Share it! Science : Introducing Bridgmanite, Earth's Most Abundant Mineral

Introducing Bridgmanite, Earth's Most Abundant Mineral

(image credit: NASA Goddard Space Flight Center)
     Why is it that a mineral that makes up 70% of Earth's mantle, or 38% of Earth's total volume can go nameless for half a century? According to the International Mineralogical Association, a mineral cannot be officially named until it can be examined through direct evidence, or first hand. Scientists have known about this mineral for a long time, but as it is more or less trapped anywhere from 660km-2,900km below the Earth's surface they have not been able to obtain an intact sample to thoroughly study. In order to find a sample to study more carefully and also officially name, researchers have focused their attention on meteorites and their impact sites. After decades of searching, scientists were able to find an appropriate sample in a meteorite that crashed into Australia in the late 1800's. Our most common mineral has now been given the name bridgmanite, in honor of Percy Bridgman, a pioneer in high-pressure physics.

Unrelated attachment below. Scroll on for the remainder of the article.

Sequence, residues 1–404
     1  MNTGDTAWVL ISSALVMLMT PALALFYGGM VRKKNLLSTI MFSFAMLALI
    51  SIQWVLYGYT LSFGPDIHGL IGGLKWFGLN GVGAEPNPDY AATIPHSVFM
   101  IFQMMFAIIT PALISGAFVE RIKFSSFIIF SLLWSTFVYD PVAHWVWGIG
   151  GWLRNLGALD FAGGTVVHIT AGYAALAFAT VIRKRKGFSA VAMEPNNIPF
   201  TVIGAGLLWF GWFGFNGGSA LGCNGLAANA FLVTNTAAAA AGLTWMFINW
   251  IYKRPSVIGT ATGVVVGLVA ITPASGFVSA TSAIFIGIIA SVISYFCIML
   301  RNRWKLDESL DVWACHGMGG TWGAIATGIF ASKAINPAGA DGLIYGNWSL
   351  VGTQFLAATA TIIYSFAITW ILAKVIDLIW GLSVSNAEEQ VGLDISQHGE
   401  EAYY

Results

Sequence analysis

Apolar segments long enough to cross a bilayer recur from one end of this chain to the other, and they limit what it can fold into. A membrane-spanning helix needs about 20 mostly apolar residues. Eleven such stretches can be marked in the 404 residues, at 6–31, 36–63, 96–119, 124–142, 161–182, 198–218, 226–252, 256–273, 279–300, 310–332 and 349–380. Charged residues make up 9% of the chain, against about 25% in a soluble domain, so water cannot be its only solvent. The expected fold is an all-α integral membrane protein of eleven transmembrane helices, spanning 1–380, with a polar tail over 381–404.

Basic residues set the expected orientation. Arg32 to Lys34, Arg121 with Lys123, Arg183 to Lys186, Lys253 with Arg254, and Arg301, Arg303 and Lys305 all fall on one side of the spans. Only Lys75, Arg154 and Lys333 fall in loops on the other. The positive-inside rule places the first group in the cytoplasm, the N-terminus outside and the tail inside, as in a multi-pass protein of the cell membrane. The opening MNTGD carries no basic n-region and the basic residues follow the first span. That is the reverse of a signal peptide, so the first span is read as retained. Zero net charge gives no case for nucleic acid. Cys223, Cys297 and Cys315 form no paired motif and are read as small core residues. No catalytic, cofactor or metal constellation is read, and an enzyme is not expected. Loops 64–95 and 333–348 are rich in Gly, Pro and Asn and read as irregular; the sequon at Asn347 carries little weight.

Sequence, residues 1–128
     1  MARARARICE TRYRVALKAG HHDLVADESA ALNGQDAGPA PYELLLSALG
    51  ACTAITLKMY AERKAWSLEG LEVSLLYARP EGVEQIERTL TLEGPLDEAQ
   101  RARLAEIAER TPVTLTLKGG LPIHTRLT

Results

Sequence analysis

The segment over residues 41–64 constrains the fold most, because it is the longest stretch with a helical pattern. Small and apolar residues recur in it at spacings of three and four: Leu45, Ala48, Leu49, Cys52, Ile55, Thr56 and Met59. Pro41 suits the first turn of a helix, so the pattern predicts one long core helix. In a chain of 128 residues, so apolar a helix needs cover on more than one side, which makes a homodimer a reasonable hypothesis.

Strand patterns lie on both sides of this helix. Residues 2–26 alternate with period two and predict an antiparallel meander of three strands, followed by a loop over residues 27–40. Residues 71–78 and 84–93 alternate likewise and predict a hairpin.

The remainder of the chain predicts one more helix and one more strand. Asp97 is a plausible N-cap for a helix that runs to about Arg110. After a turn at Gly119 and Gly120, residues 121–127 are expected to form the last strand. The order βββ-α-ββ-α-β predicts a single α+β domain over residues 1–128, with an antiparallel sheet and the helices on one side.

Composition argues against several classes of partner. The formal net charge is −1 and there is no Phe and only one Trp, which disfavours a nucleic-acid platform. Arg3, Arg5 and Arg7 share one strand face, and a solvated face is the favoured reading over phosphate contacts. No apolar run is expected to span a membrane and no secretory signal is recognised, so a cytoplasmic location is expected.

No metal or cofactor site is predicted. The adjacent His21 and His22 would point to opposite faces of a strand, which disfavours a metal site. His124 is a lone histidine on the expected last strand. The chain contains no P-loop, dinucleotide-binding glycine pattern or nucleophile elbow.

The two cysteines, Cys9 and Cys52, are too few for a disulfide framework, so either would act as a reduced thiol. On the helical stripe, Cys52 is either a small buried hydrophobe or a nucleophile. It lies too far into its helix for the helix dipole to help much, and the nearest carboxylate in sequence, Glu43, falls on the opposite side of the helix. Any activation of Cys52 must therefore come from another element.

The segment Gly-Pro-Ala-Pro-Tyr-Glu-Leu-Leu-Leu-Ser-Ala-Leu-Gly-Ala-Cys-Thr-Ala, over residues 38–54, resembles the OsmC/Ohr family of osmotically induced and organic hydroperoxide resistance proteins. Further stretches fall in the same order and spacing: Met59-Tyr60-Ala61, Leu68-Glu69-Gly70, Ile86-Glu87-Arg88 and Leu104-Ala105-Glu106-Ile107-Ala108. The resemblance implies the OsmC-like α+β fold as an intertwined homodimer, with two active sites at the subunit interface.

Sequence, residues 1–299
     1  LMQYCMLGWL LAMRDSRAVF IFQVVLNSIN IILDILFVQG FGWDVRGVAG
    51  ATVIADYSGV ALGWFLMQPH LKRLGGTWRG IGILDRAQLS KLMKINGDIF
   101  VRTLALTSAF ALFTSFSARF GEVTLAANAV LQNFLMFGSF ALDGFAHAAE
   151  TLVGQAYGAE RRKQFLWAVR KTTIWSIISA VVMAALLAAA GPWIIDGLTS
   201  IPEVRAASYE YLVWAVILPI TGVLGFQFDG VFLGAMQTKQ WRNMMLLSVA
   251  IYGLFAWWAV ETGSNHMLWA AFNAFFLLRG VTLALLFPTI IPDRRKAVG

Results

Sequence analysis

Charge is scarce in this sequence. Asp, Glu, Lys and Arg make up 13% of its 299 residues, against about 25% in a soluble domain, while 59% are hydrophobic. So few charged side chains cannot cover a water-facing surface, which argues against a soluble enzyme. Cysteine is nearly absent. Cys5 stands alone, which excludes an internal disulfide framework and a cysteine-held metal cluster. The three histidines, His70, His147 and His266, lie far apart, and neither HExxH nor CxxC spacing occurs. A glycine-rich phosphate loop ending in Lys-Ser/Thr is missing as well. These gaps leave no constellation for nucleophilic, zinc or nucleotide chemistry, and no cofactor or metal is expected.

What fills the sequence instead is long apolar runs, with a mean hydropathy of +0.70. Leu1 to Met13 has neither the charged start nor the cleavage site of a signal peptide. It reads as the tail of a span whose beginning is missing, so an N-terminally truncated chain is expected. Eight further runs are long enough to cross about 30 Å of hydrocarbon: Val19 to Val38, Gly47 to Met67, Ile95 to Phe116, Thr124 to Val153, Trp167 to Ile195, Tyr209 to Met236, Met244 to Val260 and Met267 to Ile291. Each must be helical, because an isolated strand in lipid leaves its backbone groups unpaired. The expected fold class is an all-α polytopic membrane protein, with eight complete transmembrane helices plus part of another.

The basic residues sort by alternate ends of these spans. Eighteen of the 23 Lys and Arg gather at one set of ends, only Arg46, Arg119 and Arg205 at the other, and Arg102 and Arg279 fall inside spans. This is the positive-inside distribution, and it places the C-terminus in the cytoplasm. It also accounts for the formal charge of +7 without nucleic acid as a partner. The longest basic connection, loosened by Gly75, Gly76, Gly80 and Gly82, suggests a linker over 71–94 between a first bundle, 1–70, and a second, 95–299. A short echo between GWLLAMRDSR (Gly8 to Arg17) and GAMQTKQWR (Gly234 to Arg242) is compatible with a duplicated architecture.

U.S. Geologists published their paper in Science. But how did they know to focus their search for this unobtainable mineral on meteorite crash sites? Bridgmanite, or perovskite as it was formally known, forms under extremely high-pressure conditions. The impact of a meteorite was thought to be enough to create the amount of pressure needed to form the mineral. Earlier research of meteorites had been unsuccessful because of the methods used to look for the perovskite in the meteorite would destroy it before they could study it. This recent attempt used a combination of a micro-focused X-ray beam and electron microscopy. This discovery not only finally gives the mineral a name, but could help us better understand the structure of Earth, and might shed some more light on how our universe was formed.

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